What better entertainment climate for Carl Lewis, Mary Lou Retton, Edwin Moses, MJ's Olympic hoops team and everyone else? Throw in the Cold War and a heavy dose of patriotic pride — remember, we dominated the L.A. games because none of the "evil" countries showed up — and Los Angeles became another way to regain our country's collective swagger after an era marred by Watergate, Vietnam, Iran, Nixon's resignation and Carter's punchless presidency. 

Three of those events were more than a decade old by 1984.  The 1976 Olympics could have just as easily been our chance to bounce back from them, but that wouldn't fit Bill's little story about 1984 being THE ONE AND ONLY YEAR in which the Olympics helped the US "regain [its] swagger." 

1984 somehow renewed everyone's faith in America as a superpower while maintaining an unparalled lack of self-awareness, with Bruce Springsteen hitting both elements (even if it wasn't intentional) in just two videos: "Born in the USA" and the now-mortifying "Dancing in the Dark."

Born in the USA is not a pro America song.  Listen to the lyrics some time, you fucking dolt.  Also HAW HAW HAW people in the 80s dressed and danced funny!

Within a year, patriotism became something of a career move for celebrities 

I'm pretty sure showing patriotism has almost always been a good career move for celebrities since whenever we first started having celebrities.

(most notably: Rambo: First Blood Part II and Rocky IV), politicians (like Reagan's second presidential campaign) 

and even wrestlers (with Hulk Hogan changing his entrance theme from "Eye of the Tiger" to "Real American"). So 1984 was the last summer when the Olympics felt, for lack of a better word, pure.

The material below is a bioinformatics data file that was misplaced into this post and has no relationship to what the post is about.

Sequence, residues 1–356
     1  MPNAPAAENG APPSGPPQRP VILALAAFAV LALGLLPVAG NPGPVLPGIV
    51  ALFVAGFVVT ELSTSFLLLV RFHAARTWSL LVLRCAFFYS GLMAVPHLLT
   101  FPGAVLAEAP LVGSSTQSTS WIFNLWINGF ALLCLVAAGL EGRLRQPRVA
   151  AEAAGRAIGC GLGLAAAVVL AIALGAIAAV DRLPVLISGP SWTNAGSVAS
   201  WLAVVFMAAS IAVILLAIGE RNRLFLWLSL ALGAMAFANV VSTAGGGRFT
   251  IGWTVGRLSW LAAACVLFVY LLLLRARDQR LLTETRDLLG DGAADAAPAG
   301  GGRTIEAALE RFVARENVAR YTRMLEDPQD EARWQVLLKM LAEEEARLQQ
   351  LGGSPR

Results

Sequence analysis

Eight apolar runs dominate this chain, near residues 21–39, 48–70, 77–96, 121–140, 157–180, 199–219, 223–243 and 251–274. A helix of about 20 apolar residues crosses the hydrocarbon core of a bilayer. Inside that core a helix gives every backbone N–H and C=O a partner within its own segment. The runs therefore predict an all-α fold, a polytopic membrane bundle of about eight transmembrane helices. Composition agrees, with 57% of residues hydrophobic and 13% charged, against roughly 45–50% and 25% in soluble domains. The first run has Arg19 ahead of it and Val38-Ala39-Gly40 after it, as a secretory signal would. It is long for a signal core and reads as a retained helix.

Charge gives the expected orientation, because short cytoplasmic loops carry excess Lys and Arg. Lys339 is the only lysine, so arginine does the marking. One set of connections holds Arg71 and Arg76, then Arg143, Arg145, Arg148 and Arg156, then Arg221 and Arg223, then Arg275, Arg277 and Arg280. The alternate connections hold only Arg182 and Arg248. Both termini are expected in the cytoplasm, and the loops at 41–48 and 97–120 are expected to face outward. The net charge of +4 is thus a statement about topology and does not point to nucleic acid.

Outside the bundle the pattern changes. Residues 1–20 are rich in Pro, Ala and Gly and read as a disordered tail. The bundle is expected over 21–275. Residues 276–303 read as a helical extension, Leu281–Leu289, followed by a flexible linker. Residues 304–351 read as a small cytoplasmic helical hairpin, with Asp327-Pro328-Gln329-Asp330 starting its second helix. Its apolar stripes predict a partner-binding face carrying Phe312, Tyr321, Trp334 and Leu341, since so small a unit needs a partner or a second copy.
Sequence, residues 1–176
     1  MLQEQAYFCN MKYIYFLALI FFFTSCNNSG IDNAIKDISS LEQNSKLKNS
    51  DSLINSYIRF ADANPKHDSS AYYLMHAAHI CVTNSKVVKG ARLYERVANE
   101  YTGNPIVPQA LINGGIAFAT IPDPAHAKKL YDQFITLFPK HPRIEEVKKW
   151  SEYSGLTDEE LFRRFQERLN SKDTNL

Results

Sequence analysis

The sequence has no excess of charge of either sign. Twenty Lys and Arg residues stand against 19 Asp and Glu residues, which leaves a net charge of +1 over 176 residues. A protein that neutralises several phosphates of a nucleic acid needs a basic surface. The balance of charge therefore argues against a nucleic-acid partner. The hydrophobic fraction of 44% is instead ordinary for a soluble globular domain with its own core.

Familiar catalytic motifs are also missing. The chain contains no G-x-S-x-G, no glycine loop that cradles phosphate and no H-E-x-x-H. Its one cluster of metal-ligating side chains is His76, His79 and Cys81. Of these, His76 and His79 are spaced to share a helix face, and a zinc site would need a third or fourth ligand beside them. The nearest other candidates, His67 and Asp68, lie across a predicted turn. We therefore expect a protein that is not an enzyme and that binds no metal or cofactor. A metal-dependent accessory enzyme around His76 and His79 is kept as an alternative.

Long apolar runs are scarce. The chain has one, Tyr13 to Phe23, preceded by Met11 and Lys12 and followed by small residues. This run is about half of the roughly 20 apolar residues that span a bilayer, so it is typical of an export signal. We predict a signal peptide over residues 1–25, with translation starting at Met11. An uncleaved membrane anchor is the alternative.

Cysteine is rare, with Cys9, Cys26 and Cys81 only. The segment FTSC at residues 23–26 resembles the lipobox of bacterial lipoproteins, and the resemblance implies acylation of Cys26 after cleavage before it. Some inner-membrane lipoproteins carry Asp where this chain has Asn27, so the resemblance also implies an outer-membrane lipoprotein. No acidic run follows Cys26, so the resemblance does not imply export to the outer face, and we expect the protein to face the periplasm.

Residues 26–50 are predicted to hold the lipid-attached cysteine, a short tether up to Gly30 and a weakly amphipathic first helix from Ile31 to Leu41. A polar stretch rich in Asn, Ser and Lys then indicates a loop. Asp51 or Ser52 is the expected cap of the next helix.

Maybe to 15 year old Bill (born in 1969)--not to anyone with a brain.  From a "pure competitors" standpoint, steroids had been a part of the games for decades at that point.  From a raw commercialization standpoint, things wouldn't really get out of control until the 90s.  But again, what we're working with here is the idea that as Bill's life goes, the Olympics go.  When you're 15, high school might suck but you're probably not going to be too cynical about the world.  When you're 19, that cynicism is a whole lot more likely to be part of your views.

We couldn't hear the national anthem enough that summer. We didn't care that the Russians and Eastern Europeans skipped L.A., just that our gold medals were piling up. When Mary Lou pulled off her famous vault, you weren't calculating the value of her endorsement potential like you did with a teeth-gritting Kerri Strug 12 years later. 

I don't think anyone saw Strug and thought "CASH COW!"  She was probably on a Wheaties box or something, but she wasn't Michael Phelps.  Sorry, I keep letting facts and perspective get in the way of Bill's little story.  I'll stop.

We were collecting American heroes like baseball cards that year, whether they came in the form of Springsteen, Hulk Hogan, Bird, Joe Montana, Pete Rose, Huey Lewis, or everyone the Olympics were force-feeding us. We just wanted more and more heroes. I remember feeling like a true American during the '84 Olympics. That was my favorite one, hands down, bar none.

(not nodding.)

We wouldn't remember the next four Summer Olympics nearly as fondly. 

No, goddammit, no.  NO.  YOU wouldn't remember the next four Olympics as fondly.  GRRRRRRRRRRRRR SOMEONE PLEASE PUSH THIS MAN IN FRONT OF A TRAIN.

More later.


Tim N said...

You know what really helps you regain your swagger?

When your archrival gets lost on the way to the game and has to forfeit. U-S-A! U-S-A!

jacktotherack said...

"We wouldn't remember the next four Summer Olympics nearly as fondly."

I know Bill is an out-of-touch asshole, but seriously, who is this "we" he is referring to? Does he think his whole audience is his age?

I was 2 during the '84 Olympics, they really don't mean shit to me. Same with the Seoul games. But I loved the '92 Barcelona and espeically loved the '96 games in Atlanta. Bill's need to frame everything in a historical context based solely on his life and his memories is beyond fucking aggravating and makes me want to drop a brick on his head.

Ty said...

"Does he think his whole audience is his age?"

I can personally verify that Bill does not speak for nearly everyone his age.